The Capital One Bowl turned out to be the 2011 South Carolina Gamecocks in microcosm: it wasn't pretty, and in fact it was somewhat infuriating for Gamecocks fans at times, but, in the end, the results were clearly impressive. The Gamecocks, known for lackluster bowl performances, bucked the trend and beat a tough Nebraska Cornhuskers team by a score of 30-13, out-gaining the Huskers by almost 100 yards in the process.
The game's stars for the Gamecocks were Alshon Jeffery, whose over 100 yards included a momentum-swinging hail mary reception to end the first half, Connor Shaw, who racked up a 200+ passer rating; didn't turn the ball over; and made some nice runs, and the Gamecocks defensive line, which dominated the second half and registered six sacks. Kenny Miles (two TDs) and Stephon Gilmore (one INT and an XP returned for a two-point conversion) are among other players who deserve shout outs. These fairly impressive statistics belie the fact that the Gamecocks were a bit slow out of the gate. In the first half, our defense struggled with the Nebraska running game, and our offense, despite mounting one good drive and utilizing Jeffery for two big plays, was somewhat dysfunctional. Special teams were a nightmare throughout.
In addition to the big plays that allowed us to go into the half with a lead we probably didn't deserve, the story of the game was the defense coming together in the second half. After failing to contain the option early on, the defense played extremely well in the second half. Nebraska began the half by driving down the field, the last positive play on the drive being a long run by Taylor Martinez to set the Huskers up with 1st-and-goal. After that play, which didn't lead to any points after the Gamecocks pushed the Huskers back and Nebraska's kicker missed a short field goal, the Gamecocks held the Huskers to only a single yard of total offense for the remainder of the game. Yes, you read that correctly: after Nebraska's opening-half drive, we allowed them only a single yard of total offense for the rest of the half. The defensive line keyed the charge, dominating the line of scrimmage, scaring Nebraska's offensive line into numerous penalties, and tossing Martinez around like a rag doll. The offense played well in the second half, too, but at least part of its success owed to the fact that Nebraska's defense was on the field more or less the entire half and was clearly unable to handle our running game late.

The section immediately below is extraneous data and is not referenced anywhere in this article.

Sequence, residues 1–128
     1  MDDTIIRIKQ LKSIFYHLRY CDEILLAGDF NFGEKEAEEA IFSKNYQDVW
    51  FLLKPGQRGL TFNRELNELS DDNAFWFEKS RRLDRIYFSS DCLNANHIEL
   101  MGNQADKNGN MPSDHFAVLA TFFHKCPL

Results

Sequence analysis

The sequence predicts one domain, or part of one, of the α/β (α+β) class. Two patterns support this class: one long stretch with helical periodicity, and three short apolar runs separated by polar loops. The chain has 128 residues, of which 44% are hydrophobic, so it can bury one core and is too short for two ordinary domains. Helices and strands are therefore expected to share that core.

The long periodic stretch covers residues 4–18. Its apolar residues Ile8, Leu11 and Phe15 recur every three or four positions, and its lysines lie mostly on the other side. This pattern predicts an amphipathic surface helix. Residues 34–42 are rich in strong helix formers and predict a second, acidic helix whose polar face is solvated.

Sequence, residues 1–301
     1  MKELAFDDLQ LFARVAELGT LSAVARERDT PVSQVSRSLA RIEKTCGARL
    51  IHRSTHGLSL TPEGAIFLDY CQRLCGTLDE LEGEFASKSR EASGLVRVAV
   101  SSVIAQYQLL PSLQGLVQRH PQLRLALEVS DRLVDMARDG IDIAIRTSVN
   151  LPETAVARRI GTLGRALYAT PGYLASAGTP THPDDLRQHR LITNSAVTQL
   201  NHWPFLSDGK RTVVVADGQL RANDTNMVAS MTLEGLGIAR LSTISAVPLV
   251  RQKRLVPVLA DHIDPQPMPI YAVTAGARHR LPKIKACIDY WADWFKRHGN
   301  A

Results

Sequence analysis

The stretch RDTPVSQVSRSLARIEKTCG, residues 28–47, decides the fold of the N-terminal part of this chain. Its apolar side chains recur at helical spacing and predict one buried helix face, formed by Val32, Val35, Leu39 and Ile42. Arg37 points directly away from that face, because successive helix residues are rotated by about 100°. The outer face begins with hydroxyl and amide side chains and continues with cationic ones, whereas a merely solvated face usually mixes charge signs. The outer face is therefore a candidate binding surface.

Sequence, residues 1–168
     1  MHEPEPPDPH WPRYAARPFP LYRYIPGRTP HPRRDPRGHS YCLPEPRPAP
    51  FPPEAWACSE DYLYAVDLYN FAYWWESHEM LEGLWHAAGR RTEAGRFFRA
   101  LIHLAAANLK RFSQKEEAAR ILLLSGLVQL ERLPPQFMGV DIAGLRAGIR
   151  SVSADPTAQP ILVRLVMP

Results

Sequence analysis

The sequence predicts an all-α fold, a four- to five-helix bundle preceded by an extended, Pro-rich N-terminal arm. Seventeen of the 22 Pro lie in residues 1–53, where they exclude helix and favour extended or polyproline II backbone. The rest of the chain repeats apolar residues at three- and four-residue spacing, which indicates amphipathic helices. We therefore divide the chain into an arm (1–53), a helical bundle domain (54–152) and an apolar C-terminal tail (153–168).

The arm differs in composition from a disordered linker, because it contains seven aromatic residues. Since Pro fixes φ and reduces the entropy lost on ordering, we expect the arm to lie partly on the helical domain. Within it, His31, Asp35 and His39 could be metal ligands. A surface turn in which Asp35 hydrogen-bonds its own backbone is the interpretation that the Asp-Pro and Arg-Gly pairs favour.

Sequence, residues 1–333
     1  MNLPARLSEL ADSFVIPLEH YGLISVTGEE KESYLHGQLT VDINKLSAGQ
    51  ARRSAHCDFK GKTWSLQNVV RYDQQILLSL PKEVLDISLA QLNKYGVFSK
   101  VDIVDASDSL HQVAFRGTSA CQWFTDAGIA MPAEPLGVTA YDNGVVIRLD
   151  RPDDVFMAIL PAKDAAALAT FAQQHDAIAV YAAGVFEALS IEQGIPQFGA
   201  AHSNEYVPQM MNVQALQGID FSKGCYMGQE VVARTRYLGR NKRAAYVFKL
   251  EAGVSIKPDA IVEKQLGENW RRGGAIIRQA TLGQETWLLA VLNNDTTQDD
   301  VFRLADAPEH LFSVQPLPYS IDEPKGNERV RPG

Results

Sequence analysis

We'll be switching over to more hoops coverage this week, but I'll have much more to say over the next few weeks in terms of evaluating the football season as a whole. For now, suffice it to say that this victory puts a very positive end on one of the best, if not the best, season in Carolina history. This was a plum bowl bid for the Gamecocks, and we played a high-quality team. To win convincingly in this situation, even though we probably didn't play our absolute best football, says tons about the progress this program has made. If we had lost the game, you would likely have heard a lot of skeptics dismiss a ten-win season as a product of a weak SEC East. A bowl rout over a good OOC foe says otherwise: this is an excellent Carolina team that deserves its bowl trophy and postseason top-ten ranking. Moreover, with a solid nucleus of young players returning and a nice recruiting class in the works, we have every reason to believe that next season will bring more success. It took him a few years, but Spurrier has this program right where it needs to be. It's a good time to be a Gamecock, folks.